OpenOffice is a crutch when compared to Microsoft Office. The suite is an acceptable choice for hobby and home users, but it is NOT an acceptable choice for professional use. The compatibility lacks and the business world "speaks" Microsoft Office (for Windows). And that pretty much ends the discussion here as well.

    RAM: One cannot have enough RAM or hard disk space. But put the additional RAM in there yourself, you'll safe money.

    Anti-Virus software and registry cleaners: I could be mean and say that only what Dogbert would call "gullible people" need those on Windows, but that would be... well, just mean. When you begin to exchange a lot of Microsoft Office documents, you -should- install an anti-virus package on your Mac as well, because you will be actively spreading malware, even if you are not affected yourself. Nobody needs registry cleaners on Windows - they are about as useful as "clean uninstall programs" on the Mac: They do something that you don't really need.

    Clean installing a new version of OS X: Yes, I clean-install new releases of OS X just as I clean-install new versions of Windows. Leopard was an incredibly poor upgrade quality-wise, I only got it to run acceptably after clean installations on a couple machines. Will Snow Leopard be the same? Who knows. But I will not even try to find out and install it from scratch.

    General advice: Make sure that the Mac will REALLY work for you -- WITHOUT having to fall back to Windows in Boot Camp or Parallels. It doesn't make sense to switch to a Mac just to stay with one leg in the Windows world. If you cannot live without Windows for the one or the other reason, it doesn't make any sense to begin switching to the Mac world and then stop after a 90% migration.
  8. chrono1081 macrumors 604


    Jan 26, 2008
    Isla Nublar
    Get it! You'll love it.

    I would suggest though not the baseline but upgrade to one of the unibodys. Completely worth the $$$ IMO.

    Also don't worry if your school uses MS office. I use Open Office or Neo Office any time I need to write anything that needs to be read by MS Office. Works flawless every time and doesn't cost me $150 or whatever MS office costs cause Neo and Open office are free :D
  9. thegoldenmackid macrumors 604


    Dec 29, 2006
    dallas, texas

    Office 2008 Supports Macro's. What else is it missing. For the OP's purpose, I don't see any real problems. iWork obviously isn't going to support all Office features, as part of the beauty of it is that it is much lighter. For education use, I don't see what Office on the mac lacks.

    It's free, and the OP is an Edu user not a Business User.


    Yes...or you could just not do things that solicit Malware.

    That was the case for some users. I imagine Apple would attempt at fixing it, and I had no problems just upgrading.

    I don't know what the OP will be doing in Law school that couldn't be done on a Mac.
  10. niuniu macrumors 68020


    Mar 29, 2009
    A man of the people. The right sort of people.
    Someone above is saying you have to use Windows for MS Office or something.. no idea what he's making a big deal out of but I use MS Office for Mac and typeset -> publish on it. The things I do with it will be far more complex than what you'll be doing with it as a law student, and I know what law students do, I was one myself. You'll be typing up assignments, maybe doing some creative work ie the occassional debate / moot poster if you get involved extra-curricular but focusing more on work experience than sitting playing around on Office.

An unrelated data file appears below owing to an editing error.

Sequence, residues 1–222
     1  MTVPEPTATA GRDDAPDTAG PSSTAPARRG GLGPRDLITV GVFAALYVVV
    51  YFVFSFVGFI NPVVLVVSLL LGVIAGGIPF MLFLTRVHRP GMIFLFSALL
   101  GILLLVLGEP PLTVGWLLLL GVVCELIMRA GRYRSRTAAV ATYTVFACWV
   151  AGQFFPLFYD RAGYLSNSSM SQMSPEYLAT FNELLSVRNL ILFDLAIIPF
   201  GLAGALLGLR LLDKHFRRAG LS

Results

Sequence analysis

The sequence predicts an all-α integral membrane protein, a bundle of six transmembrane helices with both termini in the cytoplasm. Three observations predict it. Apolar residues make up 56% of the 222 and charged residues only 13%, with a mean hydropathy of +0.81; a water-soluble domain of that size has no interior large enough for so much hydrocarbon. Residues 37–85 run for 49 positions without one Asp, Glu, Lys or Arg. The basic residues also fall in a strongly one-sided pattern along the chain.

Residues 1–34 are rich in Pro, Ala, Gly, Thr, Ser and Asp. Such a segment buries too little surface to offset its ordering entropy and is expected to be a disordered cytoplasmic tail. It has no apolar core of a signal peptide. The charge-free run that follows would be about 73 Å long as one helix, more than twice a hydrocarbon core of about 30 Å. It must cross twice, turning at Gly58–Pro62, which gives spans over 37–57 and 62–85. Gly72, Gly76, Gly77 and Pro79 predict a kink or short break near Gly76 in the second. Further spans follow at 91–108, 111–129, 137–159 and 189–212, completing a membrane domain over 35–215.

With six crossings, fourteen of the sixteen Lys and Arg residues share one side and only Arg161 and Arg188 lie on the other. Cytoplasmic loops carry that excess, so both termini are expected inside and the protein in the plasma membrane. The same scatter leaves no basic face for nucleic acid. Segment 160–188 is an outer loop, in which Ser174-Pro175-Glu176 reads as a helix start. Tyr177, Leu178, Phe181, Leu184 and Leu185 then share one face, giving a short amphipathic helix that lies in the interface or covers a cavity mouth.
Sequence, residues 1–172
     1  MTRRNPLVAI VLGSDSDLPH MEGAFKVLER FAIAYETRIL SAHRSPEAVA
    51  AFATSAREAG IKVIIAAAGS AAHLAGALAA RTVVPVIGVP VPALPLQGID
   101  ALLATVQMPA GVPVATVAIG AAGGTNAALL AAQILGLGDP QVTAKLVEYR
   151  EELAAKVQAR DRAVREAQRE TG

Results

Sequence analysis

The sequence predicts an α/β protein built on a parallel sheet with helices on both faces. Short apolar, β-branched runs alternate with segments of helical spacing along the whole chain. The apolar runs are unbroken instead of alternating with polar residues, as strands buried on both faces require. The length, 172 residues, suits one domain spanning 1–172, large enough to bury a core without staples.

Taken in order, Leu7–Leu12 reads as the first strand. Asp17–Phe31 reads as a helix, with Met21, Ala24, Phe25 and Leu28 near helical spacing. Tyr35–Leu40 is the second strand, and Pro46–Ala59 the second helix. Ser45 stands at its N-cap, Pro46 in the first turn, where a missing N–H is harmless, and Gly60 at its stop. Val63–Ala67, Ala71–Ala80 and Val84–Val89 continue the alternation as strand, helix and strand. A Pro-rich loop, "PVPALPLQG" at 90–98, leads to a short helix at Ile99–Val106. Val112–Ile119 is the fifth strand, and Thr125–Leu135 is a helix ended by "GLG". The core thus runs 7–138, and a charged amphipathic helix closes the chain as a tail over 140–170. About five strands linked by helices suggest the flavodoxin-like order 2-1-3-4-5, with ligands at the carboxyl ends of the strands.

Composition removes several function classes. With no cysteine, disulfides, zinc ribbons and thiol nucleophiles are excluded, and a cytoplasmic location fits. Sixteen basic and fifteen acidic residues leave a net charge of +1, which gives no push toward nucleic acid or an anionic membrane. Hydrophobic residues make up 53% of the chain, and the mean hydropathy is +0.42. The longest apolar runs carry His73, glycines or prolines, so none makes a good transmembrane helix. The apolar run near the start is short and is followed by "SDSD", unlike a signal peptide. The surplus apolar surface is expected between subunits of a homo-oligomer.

You can make any document you want backward compatible too when you go to save your file, so don't worry about your Windows using lecturers not being able to read your pearls of wisdom :D
  11. yoyomaster macrumors regular

    Apr 5, 2009
    Just because someone uses bootcamp and/or parallels/vmware for work or for certain areas of school does not mean that it would not be worthwhile to get a Mac. If you like OSX, why not get it if you're only going to be using Windows for those specific areas, a lot of people do this.

    Like I said some Law schools require you to run Windows as that is all they support. My cousin's college just started supporting Macs, but the University of Florida I found does not. "All computer applications used at the law school, including electronic courseware and examination software, run under Microsoft Windows" -
  12. thegoldenmackid macrumors 604


    Dec 29, 2006
    dallas, texas
    Yes, I would have assumed the OP, having gotten a full ride to Law School, would have probably researched this? I get to live with Wake Forest's Lenovos for the next four years...
  13. taeclee99 macrumors 6502a


    Jun 4, 2002
    Anywhere but here
    Also keep this in mind.
    They might not let use a mac laptop when you take your bar exam. I know in NY, they certainly don't.

    For Mac users with bad handwriting, there is no keyboarding option. The exam software is designed to run on Windows systems, and the New York board included this clause in its laptop policy, warning in capital letters: “We do not support Apple products in any form including Intel-based laptops running Boot Camp — no exceptions.”
  14. yoppie macrumors 6502a

    Oct 19, 2007
    I attend the University of Florida's Levin College of Law and I can say that running a mac there is fine. I have used my macbook the past 3 years and haven't run into any problems. The IT Dept. recommends that if you're going to use a mac, that you use an Intel one running Leopard 10.5 so that you may run Boot Camp for exam time (the school uses Softest Examsoft). It's the only time Windows is needed.